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Tuesday, 3 February 2015

Differently-abled may face trouble at 11 poll booths

For a smooth and enhanced voter experience for differently-abled voters, a rights activist has submitted a list to the Election Commission of “troubled polling booths” in Delhi, where the differently-abled persons could face difficulties and as such proper steps could be initiated to improve facilities.

Deputy chief electoral officer A.K. Srivastava had called a meeting on January 27 with all the stakeholders to facilitate the differently-abled voters to exercise their franchise without any hassle during the February 7 Assembly elections.

Satendra Singh, RTI activist and professor of physiology at the University College of Medical Sciences, who was present at the meeting, submitted a list of 11 polling booths which had proved troublemakers for voters with disability in the past.

The polling booths identified include Haveli Azam Khan, Chandni Chowk, Booth No. 56 at JNU, Mahroli Assembly, Booth number A-28 in Subhash Nagar, Block 26 Community Centre at West Patel Nagar, Booth numbers 11, 12, 13, 14 in Rajokri, booths at SC/ST training centre, Dilshad Garden.

Usually, special arrangements are made by the commission for better accessibility to the specially-abled voters at the polling booths. The EC had in previous elections also decided to hold officials, who are in-charge of setting up polling stations, accountable for any inconvenience faced by such voters, and had for the first time deputed wheelchairs along with volunteers at each polling station to facilitate such voters.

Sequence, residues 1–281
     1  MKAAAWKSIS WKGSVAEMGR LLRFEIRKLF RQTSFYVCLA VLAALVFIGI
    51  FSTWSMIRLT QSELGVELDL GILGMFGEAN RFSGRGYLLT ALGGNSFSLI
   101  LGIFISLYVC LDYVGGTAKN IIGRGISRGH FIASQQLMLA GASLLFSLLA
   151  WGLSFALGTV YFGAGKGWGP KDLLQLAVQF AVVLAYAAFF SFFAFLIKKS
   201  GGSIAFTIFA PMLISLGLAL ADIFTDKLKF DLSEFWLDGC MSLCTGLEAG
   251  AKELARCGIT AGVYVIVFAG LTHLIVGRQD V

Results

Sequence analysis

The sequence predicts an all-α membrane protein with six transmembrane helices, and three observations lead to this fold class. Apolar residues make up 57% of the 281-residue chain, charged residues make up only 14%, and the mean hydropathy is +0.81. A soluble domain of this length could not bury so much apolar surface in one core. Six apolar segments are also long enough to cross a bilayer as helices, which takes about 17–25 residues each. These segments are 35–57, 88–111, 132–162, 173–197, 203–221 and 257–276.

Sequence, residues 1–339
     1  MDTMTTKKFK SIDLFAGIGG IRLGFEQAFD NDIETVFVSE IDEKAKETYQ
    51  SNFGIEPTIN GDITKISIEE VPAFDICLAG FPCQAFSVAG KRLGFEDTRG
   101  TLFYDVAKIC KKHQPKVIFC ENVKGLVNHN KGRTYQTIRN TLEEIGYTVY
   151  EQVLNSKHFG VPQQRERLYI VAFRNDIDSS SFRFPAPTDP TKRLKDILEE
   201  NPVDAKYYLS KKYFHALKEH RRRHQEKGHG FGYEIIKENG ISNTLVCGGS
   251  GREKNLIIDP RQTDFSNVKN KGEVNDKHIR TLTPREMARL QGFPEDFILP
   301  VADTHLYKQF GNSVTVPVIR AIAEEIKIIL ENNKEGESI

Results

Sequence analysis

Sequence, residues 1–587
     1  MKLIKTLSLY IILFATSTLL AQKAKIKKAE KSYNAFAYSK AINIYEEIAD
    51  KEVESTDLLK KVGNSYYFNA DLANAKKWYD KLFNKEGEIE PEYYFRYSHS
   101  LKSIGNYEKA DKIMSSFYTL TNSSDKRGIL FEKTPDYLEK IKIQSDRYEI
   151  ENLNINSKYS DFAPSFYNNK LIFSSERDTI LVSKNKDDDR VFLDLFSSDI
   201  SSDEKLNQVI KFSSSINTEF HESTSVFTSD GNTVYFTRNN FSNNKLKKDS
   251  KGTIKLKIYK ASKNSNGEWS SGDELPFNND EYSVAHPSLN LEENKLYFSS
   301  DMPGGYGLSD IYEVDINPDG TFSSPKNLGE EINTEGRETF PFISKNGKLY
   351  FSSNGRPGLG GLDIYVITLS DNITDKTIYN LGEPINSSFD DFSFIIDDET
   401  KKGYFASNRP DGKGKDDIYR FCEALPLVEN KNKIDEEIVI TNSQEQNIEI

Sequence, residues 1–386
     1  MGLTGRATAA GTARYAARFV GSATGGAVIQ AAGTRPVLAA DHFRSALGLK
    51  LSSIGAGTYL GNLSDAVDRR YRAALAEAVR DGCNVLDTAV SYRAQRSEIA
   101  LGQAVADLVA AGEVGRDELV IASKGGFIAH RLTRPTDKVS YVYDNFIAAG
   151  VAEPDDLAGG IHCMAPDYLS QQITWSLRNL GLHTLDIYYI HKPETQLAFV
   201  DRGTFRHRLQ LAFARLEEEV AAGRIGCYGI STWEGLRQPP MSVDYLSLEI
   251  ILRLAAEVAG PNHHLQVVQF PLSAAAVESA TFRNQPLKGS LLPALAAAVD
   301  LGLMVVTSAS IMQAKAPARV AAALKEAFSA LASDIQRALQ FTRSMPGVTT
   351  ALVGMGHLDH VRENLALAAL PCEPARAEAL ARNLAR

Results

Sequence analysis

In the presence of all three commissioners of civic bodies, measures taken during the last year’s Lok Sabha elections to facilitate such voters were reviewed and it was decided to repeat the same as they had proved successful.

Mr Singh said he asked the government agencies such as ministry of social justice and empowerment, Delhi Development Authority and Institute of Physically Handicapped and Government of National Capital Territory of Delhi to provide wheelchairs at the polling booths.

“I have given a list of troubled polling booths which include 11 names from different parts of the capital so that steps can be taken to make them assessable for such voters who often prefer not to step out if such problems persist,” Mr Singh said.

He added: “This exercise to facilitate voters with disability will certainly raise the participation.” During the Lok Sabha polls, Mr Singh said almost 2,600 wheelchairs were provided by the ministry and DDA. This time, institute is expected to provide 400 wheelchairs. “I urge all the government bodies, including the ministry and DDA, to ensure that wheelchairs are in good numbers at the polling booths as measures taken during Lok Sabha elections were appreciated by almost all quarters,” Mr Singh noted.

Source: The Asian Age, 2nd Feb 2015

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